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When he was coming up in the wine business as a restaurant buyer in the 1990s, Calistoga winemaker-turned-grower Sam Spencer fell in love with Spain. Not the country, per se, but the vinos tintos — its red wines.

Guided by savvy importers, the industry veteran became so enamored of Spain’s most famous wine regions, Rioja and Ribera del Duero, that, just a few years later, he planted his family’s Lake County property with the vine that ties these denominacións to each other and is the Spanish calling card to the rest of the wine world: Tempranillo.

Two decades ago, Spencer wasn’t the only North Coast vintner to focus on this noble, age-worthy variety. In a small but significant way, the late ‘90s were an auspicious time for Tempranillo up and down Napa Valley.

After a visit to a famous Ribera del Duero estate in 1998, Napa importer-brokers Steve and Faith Ventrello acquired an armful of Tempranillo vine cuttings from the owner and airmailed them back to California. They used these raw ingredients to establish a one-acre vineyard for Parador Cellars, Napa Valley’s first Tempranillo-centric wine brand.

“The hardier red wine varieties have done really well up here,” Steve Ventrello said in an interview a couple of years ago. “I consider Tempranillo one of these.”

Northern California’s climate is a factor. Recall that in “My Fair Lady,” Eliza Doolittle carefully enunciates, “The rain in Spain stays mainly in the plain.” Here in the North Bay, it mainly just stays away — for much of the growing season, anyway. But in the Napa Valley, Ventrello noted the weather works to Tempranillo’s advantage.

“The dry climate leading up to the harvest, usually speaking, lends itself to it,” he said. “It’s an early-ripening variety, which is how it got its name: temprano means ‘early’ in Spanish. So you know that is something that’s beneficial for the grape.”

Around the same time the Ventrellos’ package was jetting west over the Atlantic, Tony Truchard got inspired by Rioja and planted two acres of Tempranillo on a volcanic knoll at the eastern edge of his and his wife Jo Ann’s Carneros property.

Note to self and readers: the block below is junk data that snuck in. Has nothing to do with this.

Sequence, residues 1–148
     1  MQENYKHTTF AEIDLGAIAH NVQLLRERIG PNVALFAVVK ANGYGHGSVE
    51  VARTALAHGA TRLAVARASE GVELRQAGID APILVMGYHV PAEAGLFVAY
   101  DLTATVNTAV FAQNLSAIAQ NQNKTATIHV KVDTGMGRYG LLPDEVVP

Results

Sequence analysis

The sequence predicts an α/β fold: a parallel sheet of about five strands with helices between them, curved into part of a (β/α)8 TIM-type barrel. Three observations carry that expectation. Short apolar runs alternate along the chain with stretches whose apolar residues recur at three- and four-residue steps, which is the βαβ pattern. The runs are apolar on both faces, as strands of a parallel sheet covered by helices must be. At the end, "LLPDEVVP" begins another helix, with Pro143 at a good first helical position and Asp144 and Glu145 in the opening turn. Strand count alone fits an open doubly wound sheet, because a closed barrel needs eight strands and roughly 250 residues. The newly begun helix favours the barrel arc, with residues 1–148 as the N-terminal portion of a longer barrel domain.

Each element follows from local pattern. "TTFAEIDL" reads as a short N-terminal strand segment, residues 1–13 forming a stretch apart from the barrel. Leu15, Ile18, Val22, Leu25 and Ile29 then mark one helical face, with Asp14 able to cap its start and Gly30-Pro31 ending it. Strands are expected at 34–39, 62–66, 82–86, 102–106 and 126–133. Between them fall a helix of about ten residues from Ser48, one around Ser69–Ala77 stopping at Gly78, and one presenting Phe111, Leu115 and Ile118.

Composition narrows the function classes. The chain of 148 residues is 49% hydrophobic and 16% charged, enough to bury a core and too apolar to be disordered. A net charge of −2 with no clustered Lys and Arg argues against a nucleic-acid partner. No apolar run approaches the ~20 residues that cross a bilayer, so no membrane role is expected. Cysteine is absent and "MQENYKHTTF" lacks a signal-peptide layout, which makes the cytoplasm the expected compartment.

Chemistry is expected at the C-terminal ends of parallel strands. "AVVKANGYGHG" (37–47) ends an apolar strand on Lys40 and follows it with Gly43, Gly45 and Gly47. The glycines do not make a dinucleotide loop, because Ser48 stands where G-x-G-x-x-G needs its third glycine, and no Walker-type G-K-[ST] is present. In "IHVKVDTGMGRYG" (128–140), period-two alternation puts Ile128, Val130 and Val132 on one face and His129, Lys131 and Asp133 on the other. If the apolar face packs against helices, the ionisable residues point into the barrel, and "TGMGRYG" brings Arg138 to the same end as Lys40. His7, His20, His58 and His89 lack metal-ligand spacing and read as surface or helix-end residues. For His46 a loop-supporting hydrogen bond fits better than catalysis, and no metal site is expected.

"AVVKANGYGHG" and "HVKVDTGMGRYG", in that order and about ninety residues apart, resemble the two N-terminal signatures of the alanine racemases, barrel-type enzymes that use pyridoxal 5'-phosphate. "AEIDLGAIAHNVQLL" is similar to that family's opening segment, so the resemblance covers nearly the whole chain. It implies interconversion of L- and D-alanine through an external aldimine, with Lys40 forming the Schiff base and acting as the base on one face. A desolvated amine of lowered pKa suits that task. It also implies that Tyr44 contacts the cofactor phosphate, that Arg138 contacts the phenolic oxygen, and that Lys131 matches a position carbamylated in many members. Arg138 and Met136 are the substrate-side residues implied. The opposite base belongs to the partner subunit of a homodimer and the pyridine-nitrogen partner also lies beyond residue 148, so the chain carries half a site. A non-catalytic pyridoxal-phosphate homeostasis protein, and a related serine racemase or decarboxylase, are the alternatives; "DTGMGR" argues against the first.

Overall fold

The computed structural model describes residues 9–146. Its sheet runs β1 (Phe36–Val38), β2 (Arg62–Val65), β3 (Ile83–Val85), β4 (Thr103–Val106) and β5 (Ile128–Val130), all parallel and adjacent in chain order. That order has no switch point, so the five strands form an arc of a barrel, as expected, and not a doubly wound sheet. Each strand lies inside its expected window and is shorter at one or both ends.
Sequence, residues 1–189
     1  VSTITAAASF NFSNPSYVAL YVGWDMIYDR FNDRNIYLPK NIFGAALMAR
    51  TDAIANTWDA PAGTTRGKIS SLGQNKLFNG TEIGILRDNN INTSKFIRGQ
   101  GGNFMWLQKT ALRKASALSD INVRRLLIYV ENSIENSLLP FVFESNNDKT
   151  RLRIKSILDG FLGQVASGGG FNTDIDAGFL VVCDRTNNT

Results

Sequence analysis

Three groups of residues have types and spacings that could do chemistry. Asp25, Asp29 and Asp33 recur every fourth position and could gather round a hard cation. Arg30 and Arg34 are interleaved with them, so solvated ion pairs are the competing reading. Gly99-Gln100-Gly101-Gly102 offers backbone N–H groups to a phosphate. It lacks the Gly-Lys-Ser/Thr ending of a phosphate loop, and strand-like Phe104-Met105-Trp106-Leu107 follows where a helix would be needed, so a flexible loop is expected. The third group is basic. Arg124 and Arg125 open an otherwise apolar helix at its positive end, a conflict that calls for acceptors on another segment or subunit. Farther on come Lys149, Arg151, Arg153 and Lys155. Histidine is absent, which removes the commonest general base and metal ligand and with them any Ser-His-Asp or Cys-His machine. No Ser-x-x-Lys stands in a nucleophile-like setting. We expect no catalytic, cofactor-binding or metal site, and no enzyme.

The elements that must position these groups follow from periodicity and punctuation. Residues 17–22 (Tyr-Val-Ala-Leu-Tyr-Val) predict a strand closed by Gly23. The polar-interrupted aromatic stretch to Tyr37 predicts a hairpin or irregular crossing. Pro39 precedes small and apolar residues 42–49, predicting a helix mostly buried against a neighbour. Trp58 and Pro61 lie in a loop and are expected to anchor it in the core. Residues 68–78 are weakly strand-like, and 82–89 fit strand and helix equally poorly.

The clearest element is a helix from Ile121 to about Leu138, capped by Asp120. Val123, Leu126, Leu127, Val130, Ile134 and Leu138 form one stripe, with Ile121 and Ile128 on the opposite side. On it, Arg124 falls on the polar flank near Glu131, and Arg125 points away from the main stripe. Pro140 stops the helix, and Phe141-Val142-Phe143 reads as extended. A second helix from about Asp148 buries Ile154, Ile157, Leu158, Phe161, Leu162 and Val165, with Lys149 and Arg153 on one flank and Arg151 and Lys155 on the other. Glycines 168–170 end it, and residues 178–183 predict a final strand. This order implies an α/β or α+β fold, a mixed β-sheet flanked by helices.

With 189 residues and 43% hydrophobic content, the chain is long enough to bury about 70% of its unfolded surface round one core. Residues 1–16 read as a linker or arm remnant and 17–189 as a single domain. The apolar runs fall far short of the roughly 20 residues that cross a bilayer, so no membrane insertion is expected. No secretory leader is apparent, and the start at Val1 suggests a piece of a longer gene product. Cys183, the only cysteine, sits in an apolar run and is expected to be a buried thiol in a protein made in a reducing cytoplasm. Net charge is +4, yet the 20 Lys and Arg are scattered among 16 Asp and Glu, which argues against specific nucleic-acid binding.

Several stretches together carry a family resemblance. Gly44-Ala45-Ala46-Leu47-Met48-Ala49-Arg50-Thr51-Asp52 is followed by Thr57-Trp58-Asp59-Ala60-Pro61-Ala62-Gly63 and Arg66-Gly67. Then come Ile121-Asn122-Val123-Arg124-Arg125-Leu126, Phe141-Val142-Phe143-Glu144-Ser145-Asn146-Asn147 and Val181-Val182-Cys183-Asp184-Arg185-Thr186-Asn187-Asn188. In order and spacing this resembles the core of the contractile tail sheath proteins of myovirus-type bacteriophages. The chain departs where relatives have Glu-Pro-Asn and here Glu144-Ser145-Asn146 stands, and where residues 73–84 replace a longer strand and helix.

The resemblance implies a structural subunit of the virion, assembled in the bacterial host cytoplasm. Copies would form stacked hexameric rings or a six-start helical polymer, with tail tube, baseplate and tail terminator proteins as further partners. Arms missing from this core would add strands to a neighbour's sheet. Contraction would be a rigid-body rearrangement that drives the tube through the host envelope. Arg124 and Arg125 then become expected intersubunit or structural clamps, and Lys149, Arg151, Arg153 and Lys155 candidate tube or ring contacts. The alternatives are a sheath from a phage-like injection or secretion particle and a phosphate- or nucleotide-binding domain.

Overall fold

In 2000, the vintner Peter Prager grafted the vine over from Muscat in a Calistoga vineyard he owned. He farmed it to blend into some of the Port-style wines made at his St. Helena winery. Prager still buys the fruit from the vineyard’s current owners, Brenda and Clay Cockerell, who bottle Tempranillo under their own label, Coquerel Wines.

For Sal DeIanni, Tony Truchard’s longtime winemaker, the project was more conventional: to produce a 100 percent varietal wine that, like the dozen other varieties his boss grows, demonstrates how the cool Carneros climate affects Tempranillo. As DeIanni put it during a harvest break, “We try to be true to the grape. We want to show you what the vineyard can do here with each variety.”

Seen, then, through Steve Ventrello’s lens of a dry, mild Napa Valley, the bookended Truchard and Coquerel sites — one in cool Carneros, the other in warm Calistoga — offer an intriguing look at how Spain’s signature grape can perform at opposite ends of the Valley.

“I probably drank some Tempranillo earlier in France, but I don’t have the memory of it,” confessed Coquerel winemaker Christine Barbe over lunch at Zuzu Restaurant, Napa’s default locus for Spanish wine and food. “I’m from Bordeaux and we drink a lot of Cabernet and Cab Franc, maybe a little bit of Burgundy. But you know, Bordeaux people barely drink Pinot Noir!”

Barbe arrived in the U.S. in 1996 after earning a Ph.D. in enology from the University of Bordeaux. She worked for a decade at the volume end of the industry, in viticultural research at E & J Gallo and Robert Mondavi. When she signed onto the Cockerells’ boutique project in 2006, she was tasked with shaping up Walnut Wash Vineyard, their Calistoga property.

“We bought the vineyard next door in 2008, and the Tempranillo was there,” she said over the busy midday din at Zuzu, a Flamenco tune blaring in the background. “We also had [the Portuguese varieties] Tinta Cao and Touriga Nacional, but I re-grafted them to Sauvignon Blanc because they didn’t do well.”